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Schlagwort: Blockbuster

Visualisierung aller Blockbuster Filialen in den USA von 1986 bis 2019

Schon faszinierend zu sehen, wie rasant die Videoverleihbude Blockbuster in den USA bis nach die Jahrtausendwende gewachsen ist, um dann noch rasanter wieder abzubauen, was ja auch beispielhaft für die hiesigen Videotheken sein dürfte. Da denkste vielleicht gerade noch an die Weltherrschaft, weil dein Laden unermesslich zu wachsen scheint, dann kommen neue Technologien – und zack – kannste deine Bude dichtmachen.

Blockbuster opened their first store in Dallas in October of 1985. They weren’t the first video rental company, but they did have the largest selection of movie titles, over 6,500, which was more than any of their competitors at the time. Their first store was a huge success and throughout 1986, they opened three more stores in Texas.

While Blockbuster’s store concept worked really well, it wasn’t unique enough to be patentable. They knew that other companies would likely start copying their business model. To overcome this, their strategy was to grab as much market share as quickly as possible to stay ahead of any potential competitors. Throughout 1989, they purchased another four established rental chains and by 1990, they had opened over 1000 stores.

Through 2005, Blockbuster began closing their most unprofitable stores while they struggled to return to profitability. By this point, in addition to Netflix, they were also facing competition from Redbox which pretty much offered the same product as Blockbuster, just as a vending machine instead of an entire store.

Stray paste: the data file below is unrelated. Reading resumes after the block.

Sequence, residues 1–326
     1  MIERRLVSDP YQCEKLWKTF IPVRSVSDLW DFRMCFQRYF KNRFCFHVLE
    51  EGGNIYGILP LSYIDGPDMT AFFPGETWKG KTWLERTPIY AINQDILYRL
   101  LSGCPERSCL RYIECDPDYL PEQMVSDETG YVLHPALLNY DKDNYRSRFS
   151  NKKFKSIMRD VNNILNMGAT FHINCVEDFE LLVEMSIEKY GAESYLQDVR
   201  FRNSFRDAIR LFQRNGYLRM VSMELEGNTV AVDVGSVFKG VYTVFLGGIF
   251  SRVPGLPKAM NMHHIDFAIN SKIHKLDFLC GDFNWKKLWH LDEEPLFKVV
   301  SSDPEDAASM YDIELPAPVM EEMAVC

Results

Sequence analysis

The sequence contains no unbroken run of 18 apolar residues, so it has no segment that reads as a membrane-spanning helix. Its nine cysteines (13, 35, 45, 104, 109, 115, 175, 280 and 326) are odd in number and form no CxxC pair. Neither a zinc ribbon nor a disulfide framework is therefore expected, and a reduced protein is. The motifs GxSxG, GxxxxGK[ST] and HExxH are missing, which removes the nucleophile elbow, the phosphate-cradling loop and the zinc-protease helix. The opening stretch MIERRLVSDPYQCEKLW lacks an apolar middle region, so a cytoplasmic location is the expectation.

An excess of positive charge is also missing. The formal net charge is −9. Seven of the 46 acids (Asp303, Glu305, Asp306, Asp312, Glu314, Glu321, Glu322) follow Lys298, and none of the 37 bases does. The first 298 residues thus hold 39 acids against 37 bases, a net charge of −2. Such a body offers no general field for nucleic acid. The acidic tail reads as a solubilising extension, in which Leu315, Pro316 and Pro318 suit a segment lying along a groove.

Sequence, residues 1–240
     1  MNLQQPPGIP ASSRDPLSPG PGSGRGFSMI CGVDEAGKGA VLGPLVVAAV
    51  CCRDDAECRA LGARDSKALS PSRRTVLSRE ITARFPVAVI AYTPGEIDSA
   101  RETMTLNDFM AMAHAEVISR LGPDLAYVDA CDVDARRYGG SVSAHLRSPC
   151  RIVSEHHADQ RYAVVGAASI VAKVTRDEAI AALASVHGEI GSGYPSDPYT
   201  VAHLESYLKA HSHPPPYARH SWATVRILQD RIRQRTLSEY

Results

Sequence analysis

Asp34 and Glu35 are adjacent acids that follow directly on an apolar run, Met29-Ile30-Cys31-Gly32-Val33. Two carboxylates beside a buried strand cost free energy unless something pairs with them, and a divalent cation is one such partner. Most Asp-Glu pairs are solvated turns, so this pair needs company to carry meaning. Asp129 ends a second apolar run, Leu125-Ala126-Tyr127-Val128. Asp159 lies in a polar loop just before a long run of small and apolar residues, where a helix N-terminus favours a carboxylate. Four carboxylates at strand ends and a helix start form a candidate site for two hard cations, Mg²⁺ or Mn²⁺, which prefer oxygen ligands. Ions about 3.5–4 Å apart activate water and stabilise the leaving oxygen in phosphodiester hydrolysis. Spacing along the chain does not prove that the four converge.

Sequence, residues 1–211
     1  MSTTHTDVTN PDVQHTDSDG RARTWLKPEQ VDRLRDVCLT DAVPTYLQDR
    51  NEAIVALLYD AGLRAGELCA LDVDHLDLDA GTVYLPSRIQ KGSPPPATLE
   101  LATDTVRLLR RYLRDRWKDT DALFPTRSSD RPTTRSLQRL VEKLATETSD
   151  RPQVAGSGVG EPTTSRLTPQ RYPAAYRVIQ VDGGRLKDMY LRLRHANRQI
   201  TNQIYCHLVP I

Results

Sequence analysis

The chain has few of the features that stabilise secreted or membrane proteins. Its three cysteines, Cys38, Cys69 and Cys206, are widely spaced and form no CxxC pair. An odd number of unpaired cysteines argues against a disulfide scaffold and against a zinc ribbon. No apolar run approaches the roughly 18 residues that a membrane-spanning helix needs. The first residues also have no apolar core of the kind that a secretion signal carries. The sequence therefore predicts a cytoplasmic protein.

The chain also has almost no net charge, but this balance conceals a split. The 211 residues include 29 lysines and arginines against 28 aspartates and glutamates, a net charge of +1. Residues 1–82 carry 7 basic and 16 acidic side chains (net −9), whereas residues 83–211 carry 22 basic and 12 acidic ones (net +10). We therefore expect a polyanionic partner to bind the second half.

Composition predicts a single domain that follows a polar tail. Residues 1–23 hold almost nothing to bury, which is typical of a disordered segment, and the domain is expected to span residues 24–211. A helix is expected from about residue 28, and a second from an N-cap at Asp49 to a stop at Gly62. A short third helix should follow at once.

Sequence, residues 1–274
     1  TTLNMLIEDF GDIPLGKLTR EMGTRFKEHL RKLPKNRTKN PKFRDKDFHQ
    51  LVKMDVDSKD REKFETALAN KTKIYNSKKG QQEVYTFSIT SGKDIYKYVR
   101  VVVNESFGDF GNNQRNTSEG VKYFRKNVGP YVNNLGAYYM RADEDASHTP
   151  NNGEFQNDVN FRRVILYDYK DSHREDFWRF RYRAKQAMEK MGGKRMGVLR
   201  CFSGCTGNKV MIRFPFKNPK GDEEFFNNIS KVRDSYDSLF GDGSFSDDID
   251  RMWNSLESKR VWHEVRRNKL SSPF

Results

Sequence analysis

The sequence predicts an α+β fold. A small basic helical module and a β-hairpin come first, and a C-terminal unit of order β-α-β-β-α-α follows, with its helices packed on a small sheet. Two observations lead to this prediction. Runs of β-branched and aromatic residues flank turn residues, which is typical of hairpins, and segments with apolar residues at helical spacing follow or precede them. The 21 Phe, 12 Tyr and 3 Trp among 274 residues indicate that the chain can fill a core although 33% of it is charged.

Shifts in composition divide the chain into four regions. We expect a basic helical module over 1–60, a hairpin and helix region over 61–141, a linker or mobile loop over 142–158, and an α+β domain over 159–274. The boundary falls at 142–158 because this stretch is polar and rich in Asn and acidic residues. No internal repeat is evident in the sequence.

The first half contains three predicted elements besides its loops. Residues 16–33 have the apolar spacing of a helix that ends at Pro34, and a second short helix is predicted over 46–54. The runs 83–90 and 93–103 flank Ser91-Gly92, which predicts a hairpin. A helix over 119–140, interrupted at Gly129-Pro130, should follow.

In 2010, they continued downsizing and closing stores and by the end of the year, they filed for bankruptcy. Blockbuster was eventually acquired by the television provider Dish Network. Dish initially had plans to keep around 1,500 stores open and launch their own streaming service to rival Netflix, but these plans never ended up happening.

The last surviving store is located in Bend Oregon, it’s not only the last store in the US, it’s the last one left in the entire world. They’re a small owner operated store which is supported by loyal local customers as well as tourists stopping by to experience the nostalgia of visiting a Blockbuster store.


(Direktlink, via Twisted Sifter)

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Wie Videotheken in Alaska zu Attraktionen werden

Ich weiß gar nicht, wann genau ich das letzte mal in einer Videothek war, um mir eine DVD auszuleihen. In dem Laden, in dem unsere einst war, hat sich mittlerweile schon der dritte Nachmieter eingenistet, von Videotheken gibt es in dieser Stadt keine Spuren mehr. Ich bin da nicht sonderlich nostalgisch und vermisse sie auch nicht wirklich, aber ich habe auch nie darüber nachgedacht, dass Videotheken in anderen Landstrichen eine andere Priorität haben könnten. So wie in Alaska, wo der DSL-Ausbau wohl ebenso dünn wie die Verbreitung von Mobilen Daten zu sein scheint. Also noch schlimmer als hier!

In den USA gibt es noch 10 Blockbuster Video Filialen, sechs davon stehen in Alaska, wo sie halt immer noch ein Thema sind. Vice ist mal hingefahren und hat gefragt, warum dem dort so ist. Wie eine Reise in eine längst vergangene Zeit. Internet killed the video star.

For many Alaskans streaming online is not a good option, so movie night means Blockbuster night. While the vast majority of Blockbusters in the U.S. have closed down, there are few still hanging on. Today, there are only 10 left in the entire country, and six of those are in Alaska. But the dark, long winters and sparse layout of Alaska allows Blockbusters to do pretty well, especially when Wifi is substantially more expensive than in other states.
VICE News speaks with loyal customers at one of the last Blockbusters in the U.S. about why they love their old school movie night.


(Direktlink)

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